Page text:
To see this, we need to change our thinking and mental models when it comes to managing knowledge. Imagine that 10 years from now a whole new industry like nanotechnology will mature. It is projected that nanotech will grow to be a trillion dollar economy by 2015. Nanotech is inherently a knowledge-driven and knowledge-intensive enterprise. And yet nanotech is just one of many new emerging business ecosystems, rapidly evolving and coalescing on the knowledge frontier.
Expanding knowledge economy frontier
In many other fields, creating and harnessing new knowledge will be critical to sustaining new wealth and prosperity. In the life sciences, it is knowledge innovation that will radically reshape the prevailing wasteful blockbuster drug development model. It will be challenged by a new era of personalised medicine.
In our declining oil-based energy economy, it will be knowledge-based investments and creativity that will help to move us onto a greener hydrogen and alternative fuels economy. In the global tourism economy, it will be the thirst for a newer type of knowledge and cultural tourism that will expand our appreciation of the rich and diverse intangible heritage of the nations that inhabit the planet.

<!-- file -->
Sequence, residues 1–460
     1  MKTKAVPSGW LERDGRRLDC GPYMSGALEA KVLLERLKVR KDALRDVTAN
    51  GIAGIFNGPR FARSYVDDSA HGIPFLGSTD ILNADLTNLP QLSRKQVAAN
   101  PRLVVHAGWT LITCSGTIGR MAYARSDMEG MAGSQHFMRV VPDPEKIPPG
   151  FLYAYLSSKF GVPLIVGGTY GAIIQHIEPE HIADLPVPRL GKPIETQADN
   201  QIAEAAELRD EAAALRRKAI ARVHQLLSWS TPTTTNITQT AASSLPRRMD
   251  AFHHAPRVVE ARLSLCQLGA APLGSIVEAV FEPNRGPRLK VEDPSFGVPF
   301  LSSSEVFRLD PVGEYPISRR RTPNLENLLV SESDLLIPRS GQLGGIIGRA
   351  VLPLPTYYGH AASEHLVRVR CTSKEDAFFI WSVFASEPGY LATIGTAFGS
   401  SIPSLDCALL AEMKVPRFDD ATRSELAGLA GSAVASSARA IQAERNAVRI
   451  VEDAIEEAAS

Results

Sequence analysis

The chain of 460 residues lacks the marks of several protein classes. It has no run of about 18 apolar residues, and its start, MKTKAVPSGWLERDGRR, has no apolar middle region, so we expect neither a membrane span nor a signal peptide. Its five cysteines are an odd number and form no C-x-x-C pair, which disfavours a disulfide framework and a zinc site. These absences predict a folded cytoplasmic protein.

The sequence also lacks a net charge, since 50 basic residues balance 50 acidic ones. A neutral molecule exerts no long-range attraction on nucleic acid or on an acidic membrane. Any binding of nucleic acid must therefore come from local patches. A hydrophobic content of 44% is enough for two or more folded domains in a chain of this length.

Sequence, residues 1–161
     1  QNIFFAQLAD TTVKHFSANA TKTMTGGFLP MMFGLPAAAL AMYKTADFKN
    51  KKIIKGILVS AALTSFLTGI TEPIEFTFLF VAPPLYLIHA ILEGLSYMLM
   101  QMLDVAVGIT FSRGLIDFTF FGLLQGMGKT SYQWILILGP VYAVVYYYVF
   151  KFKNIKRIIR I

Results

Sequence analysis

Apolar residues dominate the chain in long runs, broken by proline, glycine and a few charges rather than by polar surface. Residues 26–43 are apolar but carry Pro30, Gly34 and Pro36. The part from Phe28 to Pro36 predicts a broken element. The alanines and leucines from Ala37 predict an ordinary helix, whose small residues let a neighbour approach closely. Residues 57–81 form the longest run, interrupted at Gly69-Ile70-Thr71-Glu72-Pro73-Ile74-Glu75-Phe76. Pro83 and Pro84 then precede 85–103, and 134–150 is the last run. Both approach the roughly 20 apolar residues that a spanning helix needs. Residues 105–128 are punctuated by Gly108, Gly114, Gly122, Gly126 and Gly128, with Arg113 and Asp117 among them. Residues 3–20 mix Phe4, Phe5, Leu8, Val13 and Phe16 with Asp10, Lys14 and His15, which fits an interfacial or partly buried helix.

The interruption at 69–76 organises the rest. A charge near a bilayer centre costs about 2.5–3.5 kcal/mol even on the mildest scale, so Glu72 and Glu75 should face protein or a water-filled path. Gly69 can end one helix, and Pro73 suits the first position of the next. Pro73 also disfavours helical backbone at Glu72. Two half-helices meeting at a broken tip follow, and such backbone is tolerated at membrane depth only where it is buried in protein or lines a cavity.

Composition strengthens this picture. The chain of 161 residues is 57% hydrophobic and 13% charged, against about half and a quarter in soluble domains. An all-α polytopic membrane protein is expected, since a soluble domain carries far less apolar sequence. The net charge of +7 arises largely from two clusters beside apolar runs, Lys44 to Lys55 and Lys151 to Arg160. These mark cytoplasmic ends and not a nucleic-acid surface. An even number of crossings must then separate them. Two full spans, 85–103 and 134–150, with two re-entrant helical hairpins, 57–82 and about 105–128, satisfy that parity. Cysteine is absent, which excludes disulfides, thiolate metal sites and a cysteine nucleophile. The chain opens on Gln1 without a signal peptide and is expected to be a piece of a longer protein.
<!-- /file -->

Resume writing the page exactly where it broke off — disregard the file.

It will require the kind of imagination and radical use of networks, open systems, knowledge markets, and business model innovation, shown by Goldcorp and others, to unlock the promise and riches of the global knowledge economy to come.
Knowledge markets are formal or informal community contexts, platforms or environments (real or virtual), used to promote knowledge commerce, trade and exchange, demand and supply, between knowledge buyers and sellers.
They are being leveraged today to better organise, coordinate, aggregate, facilitate, communicate, broker and network flows and exchanges of knowledge between knowledge seekers and knowledge providers. A wide range of knowledge capital assets can be traded, swapped, bartered and exchanged.
These assets can be in the form of questions and answers, ideas, expertise, know-how, intellectual property, designs, social capital, intangibles, talent, human capital, brain power, learning, training, education, software, professional services and projects. We have created a taxonomy of the innovations occurring in knowledge markets. Here is our categorisation of the various approaches: